German Contact Help Login Register

Subcostal nerve Nervus subcostalis

The subcostal nerve or nervus subcostalis in Latin is the twelfth thoracic ventral ramus (T12) inferior to the last rib (costae XII). It generally supplies the abdominal wall and the gluteal skin. The innervation of the chest wall consists mainly of the thoracic ventral rami of the intercostal nerves (T1-T11) that lie in the intercostal spaces between adjacent ribs.
Spinal nerve T12 (subcostal) is larger than the rest; it gives off the dorsolumbar nerve, a communicating branch, to the first lumbar ventral ramus. It supplies a collateral branch, like the intercostal nerve, and accompanies the subcostal vessels along the twelfth rib’s inferior border. It then runs posterior to the lateral arcuate ligament and kidney, and anterior to the upper aspect of the quadratus lumborum muscle. The aponeurosis of the transversus abdominis is perforated by the subcostal nerve that soon passes forwards between both the transversus abdominis muscle and the internal oblique. It is distributed afterwards in the same manner as the lower intercostal nerves.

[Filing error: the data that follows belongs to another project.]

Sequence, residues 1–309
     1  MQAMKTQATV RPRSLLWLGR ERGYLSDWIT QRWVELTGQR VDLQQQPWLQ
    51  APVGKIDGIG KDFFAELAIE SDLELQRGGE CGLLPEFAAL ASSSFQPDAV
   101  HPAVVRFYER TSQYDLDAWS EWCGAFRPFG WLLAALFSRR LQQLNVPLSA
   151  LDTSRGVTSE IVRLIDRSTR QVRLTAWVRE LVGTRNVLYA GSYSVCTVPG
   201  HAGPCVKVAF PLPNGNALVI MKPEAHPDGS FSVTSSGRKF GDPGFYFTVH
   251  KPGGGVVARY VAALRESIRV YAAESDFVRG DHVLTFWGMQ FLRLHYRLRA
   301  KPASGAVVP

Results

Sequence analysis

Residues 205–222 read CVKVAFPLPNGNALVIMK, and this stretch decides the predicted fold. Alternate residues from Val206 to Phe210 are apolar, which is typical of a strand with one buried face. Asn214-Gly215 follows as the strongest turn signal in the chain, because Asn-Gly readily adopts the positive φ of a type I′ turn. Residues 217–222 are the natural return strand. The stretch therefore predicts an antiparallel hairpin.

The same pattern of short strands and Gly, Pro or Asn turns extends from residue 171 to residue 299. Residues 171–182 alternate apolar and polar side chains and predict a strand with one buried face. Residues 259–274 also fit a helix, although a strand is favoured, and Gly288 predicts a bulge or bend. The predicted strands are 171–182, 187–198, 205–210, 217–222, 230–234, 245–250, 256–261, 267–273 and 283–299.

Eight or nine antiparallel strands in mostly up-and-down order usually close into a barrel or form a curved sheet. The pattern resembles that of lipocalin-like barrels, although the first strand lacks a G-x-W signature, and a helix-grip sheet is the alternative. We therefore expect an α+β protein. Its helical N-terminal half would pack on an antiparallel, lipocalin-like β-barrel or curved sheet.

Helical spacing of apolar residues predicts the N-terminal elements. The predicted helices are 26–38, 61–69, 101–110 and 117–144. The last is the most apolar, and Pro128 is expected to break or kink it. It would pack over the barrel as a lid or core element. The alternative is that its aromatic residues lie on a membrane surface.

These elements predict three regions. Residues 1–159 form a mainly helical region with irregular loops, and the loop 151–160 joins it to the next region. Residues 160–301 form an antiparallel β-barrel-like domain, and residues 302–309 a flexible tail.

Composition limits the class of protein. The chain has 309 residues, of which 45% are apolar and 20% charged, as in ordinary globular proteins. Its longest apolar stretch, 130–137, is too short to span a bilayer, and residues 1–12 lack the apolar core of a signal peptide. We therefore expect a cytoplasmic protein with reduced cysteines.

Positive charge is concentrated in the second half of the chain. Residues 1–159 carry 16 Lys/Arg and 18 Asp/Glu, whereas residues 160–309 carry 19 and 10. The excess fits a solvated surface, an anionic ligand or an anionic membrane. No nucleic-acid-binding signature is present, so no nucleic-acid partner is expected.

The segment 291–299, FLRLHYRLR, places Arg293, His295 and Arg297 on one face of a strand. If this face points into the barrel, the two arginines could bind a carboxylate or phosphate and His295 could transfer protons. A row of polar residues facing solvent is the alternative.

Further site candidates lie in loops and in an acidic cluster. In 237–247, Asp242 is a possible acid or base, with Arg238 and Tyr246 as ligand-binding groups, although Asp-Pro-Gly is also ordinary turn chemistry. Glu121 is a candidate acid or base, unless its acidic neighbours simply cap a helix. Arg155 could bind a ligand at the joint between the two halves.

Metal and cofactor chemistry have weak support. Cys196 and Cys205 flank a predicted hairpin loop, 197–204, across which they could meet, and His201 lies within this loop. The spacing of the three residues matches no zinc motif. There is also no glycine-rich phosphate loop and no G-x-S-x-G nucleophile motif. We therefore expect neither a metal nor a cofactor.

The subcostal nerve connects with the iliohypogastric nerve that originates from the lumbar plexus, and then sends off a branch to the pyramidalis muscle. It pierces the internal and external oblique muscles as well via its lateral cutaneous branch, and innervates the lowest slip of the latter. The subcostal nerve then descends about 5 cm behind the anterior superior iliac spine, over the iliac crest, where it distributes to the anterior gluteal skin. Some filaments reach as far as the femur’s greater trochanter.

Continue your learning

Articles for further reading
Well done!

Want to use this image on your blog, your next presentation or a book? Looking for custom medical illustrations?

Contact us.

© All illustrations are exclusive property of kenHub GmbH, and are protected by German and international copyright laws. All rights reserved.

Create your free account.
Start learning anatomy in less than 60 seconds.